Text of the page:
Several new Gaza maps were released today, which I’ve added to the KML network layer for Gaza:
Three maps from the United Nations Office for the Coordination of Humanitarian Affairs (OCHA), posted to Reliefweb: A map of UNRWA emergency shelters, an updated situation map of Gaza that shows the UNRWA compound that was hit yesterday, and a map of Gaza City street names.
UNOSAT today released a new damage assessment map for the Gaza Strip, based on WorldView-1 satellite imagery taken on January 10. There is also a Gaza city closeup.
Both UNOSAT and Reliefweb have RSS feeds for the new maps they release each day, and ever since I subscribed two weeks ago I have been impressed by the constant updates — not just with maps of Gaza, but of floods in Colombia, weather forecasts in Afghanistan, fighting in Somalia, an earthquake in Costa Rica, cholera in Togo, Ebola in the DR Congo, piracy in the Gulf of Aden…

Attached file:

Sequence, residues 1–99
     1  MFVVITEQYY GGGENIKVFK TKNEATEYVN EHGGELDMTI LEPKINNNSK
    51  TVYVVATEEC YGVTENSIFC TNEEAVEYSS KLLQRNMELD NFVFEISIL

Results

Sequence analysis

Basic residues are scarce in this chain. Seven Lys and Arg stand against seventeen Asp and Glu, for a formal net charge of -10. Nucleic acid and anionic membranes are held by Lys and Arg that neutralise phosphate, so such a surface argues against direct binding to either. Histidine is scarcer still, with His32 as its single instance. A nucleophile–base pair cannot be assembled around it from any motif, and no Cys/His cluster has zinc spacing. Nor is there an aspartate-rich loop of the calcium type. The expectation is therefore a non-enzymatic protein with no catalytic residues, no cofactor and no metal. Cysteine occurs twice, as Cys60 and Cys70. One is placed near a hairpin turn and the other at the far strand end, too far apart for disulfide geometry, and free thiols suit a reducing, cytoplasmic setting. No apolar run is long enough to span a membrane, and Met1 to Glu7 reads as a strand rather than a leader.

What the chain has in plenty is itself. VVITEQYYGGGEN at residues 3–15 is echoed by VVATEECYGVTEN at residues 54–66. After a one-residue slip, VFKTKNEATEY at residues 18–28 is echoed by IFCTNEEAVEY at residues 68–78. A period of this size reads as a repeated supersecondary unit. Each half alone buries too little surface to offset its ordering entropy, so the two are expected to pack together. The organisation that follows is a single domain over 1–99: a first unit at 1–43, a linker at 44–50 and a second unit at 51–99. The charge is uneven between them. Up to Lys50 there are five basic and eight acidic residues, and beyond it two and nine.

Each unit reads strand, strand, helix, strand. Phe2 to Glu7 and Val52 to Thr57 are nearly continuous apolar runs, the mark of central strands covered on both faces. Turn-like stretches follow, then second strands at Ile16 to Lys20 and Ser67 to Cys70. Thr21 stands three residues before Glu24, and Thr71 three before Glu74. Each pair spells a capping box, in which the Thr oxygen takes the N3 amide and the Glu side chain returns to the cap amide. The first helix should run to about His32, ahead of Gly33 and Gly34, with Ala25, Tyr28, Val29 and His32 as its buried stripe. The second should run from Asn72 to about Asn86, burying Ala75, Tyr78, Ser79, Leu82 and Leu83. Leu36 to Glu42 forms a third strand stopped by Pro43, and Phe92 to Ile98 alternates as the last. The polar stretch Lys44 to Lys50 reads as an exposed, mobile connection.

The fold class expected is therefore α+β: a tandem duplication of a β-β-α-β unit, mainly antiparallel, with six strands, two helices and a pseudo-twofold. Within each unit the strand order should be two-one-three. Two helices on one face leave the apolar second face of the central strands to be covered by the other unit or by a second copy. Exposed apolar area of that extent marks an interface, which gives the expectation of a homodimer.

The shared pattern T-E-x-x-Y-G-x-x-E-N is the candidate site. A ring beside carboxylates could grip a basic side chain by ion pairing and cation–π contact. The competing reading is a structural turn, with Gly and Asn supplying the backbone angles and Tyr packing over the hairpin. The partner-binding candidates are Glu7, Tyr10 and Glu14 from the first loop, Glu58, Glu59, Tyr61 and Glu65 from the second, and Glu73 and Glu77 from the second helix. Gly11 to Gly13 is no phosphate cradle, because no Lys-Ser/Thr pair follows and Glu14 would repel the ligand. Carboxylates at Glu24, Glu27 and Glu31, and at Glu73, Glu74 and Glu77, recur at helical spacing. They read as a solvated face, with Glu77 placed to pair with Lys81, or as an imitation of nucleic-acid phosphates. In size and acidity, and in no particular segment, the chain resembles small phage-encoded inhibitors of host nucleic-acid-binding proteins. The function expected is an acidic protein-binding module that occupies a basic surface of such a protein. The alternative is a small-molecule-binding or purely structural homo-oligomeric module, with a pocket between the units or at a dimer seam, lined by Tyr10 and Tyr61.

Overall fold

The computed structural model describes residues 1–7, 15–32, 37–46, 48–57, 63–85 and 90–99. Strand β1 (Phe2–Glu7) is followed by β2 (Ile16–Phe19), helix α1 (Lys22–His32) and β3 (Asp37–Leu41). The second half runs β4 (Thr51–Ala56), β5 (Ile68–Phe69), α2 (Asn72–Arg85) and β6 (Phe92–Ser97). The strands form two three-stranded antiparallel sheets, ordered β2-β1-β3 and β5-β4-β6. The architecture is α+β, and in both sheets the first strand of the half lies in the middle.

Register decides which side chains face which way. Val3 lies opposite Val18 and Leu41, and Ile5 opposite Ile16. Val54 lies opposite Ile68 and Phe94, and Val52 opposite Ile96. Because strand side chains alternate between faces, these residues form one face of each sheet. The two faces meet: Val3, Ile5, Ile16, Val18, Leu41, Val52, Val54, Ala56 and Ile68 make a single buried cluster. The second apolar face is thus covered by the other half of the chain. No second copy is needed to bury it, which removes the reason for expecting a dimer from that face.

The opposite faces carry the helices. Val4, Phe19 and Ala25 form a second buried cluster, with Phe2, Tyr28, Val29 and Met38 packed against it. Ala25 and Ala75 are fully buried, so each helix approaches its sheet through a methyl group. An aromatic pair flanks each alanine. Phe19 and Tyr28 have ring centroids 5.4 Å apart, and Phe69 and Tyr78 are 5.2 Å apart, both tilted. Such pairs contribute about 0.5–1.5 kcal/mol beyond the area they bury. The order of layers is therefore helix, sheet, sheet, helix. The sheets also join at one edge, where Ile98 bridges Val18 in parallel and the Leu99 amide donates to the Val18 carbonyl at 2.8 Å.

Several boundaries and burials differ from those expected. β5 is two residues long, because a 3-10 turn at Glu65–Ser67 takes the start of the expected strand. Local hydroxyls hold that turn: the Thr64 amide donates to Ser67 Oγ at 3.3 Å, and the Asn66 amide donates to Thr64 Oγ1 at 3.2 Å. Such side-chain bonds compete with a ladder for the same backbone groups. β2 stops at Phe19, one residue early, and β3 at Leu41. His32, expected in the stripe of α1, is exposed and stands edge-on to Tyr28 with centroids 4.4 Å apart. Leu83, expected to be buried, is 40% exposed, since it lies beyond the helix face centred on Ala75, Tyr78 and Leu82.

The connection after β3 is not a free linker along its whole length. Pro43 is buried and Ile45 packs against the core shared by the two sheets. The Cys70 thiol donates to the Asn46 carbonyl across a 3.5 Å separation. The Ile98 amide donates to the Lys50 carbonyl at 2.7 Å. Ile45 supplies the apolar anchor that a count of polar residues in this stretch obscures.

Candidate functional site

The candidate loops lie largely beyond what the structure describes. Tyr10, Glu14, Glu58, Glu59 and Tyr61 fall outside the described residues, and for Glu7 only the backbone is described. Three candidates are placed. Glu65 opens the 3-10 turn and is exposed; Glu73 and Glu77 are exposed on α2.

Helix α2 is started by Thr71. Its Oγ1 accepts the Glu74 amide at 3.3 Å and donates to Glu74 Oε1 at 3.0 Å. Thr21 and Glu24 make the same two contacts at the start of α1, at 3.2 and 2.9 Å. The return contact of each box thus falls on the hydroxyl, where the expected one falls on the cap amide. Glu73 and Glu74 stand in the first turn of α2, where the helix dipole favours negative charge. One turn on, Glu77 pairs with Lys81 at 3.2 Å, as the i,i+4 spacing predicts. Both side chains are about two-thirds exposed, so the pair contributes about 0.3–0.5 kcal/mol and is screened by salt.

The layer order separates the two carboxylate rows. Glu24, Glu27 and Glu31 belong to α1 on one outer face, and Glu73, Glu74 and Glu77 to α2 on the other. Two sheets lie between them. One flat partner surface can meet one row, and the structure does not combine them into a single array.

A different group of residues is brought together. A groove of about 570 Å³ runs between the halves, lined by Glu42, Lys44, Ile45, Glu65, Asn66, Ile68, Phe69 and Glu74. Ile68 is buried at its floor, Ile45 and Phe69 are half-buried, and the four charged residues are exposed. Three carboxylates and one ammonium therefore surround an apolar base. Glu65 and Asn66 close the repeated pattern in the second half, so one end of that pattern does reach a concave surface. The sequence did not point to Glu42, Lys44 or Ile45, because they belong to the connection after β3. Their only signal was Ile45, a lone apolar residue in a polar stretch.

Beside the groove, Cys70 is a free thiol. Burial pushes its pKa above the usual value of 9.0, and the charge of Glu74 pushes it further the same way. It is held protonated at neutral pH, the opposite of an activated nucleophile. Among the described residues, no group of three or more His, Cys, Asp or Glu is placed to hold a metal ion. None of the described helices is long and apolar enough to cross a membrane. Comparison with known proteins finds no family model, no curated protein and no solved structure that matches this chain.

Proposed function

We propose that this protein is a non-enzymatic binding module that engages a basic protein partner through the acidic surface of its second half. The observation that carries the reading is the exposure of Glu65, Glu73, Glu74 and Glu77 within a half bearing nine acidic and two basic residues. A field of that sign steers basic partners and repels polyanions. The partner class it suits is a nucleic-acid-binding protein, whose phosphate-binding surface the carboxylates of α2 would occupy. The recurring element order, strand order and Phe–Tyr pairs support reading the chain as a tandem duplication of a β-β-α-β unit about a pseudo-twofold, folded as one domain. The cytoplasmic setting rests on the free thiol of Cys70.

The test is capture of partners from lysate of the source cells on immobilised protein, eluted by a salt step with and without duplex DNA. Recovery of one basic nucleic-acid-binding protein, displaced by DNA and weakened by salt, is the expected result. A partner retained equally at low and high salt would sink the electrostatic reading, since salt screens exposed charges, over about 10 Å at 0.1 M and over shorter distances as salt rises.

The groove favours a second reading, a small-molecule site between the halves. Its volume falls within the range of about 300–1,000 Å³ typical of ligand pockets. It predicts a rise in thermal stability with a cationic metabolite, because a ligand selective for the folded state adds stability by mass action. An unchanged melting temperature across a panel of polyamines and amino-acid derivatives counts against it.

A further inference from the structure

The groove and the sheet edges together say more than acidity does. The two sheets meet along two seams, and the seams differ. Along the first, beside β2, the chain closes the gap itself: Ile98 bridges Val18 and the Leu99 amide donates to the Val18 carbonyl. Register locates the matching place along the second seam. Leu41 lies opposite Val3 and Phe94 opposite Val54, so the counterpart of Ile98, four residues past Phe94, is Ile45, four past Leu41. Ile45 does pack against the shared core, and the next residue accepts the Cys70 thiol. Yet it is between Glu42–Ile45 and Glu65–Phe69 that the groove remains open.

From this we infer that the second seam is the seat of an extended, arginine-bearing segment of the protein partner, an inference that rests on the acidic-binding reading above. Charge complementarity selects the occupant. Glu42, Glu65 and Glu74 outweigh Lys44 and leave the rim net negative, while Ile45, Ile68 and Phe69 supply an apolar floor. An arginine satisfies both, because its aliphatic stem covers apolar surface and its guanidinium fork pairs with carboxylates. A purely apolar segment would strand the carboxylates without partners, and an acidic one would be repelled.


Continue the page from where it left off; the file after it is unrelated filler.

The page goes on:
And yet, the result, always, is a PDF map, which is great for printing out but not any good for any other kind of use. In some cases, the PDFs are locked against everything but printing, which means taking screenshots in order to rasterize them for placement in Google Earth. The closed nature of these maps is especially ironic when it comes to the damage assessment map of UNOSAT: Every crater found on the satellite imagery is neatly covered by a colored rectangle — a censor couldn’t do a better job.
The solution, of course, would be to also release the information on these maps as vector-based objects on top of base layers of imagery. And KML would be the perfect open distribution format for this; you could just turn off the layer with crater placemarks and look for craters yourself if you wanted to.
An ideal solution: Given the global scope of these maps, their timeliness and usefulness, wouldn’t it be great if these were automatically published as KML to the Global Awareness default layer in Google Earth? People wouldn’t even need to go look for maps when they zoom in on a region hit by an emergency. The maps would be there, waiting for them.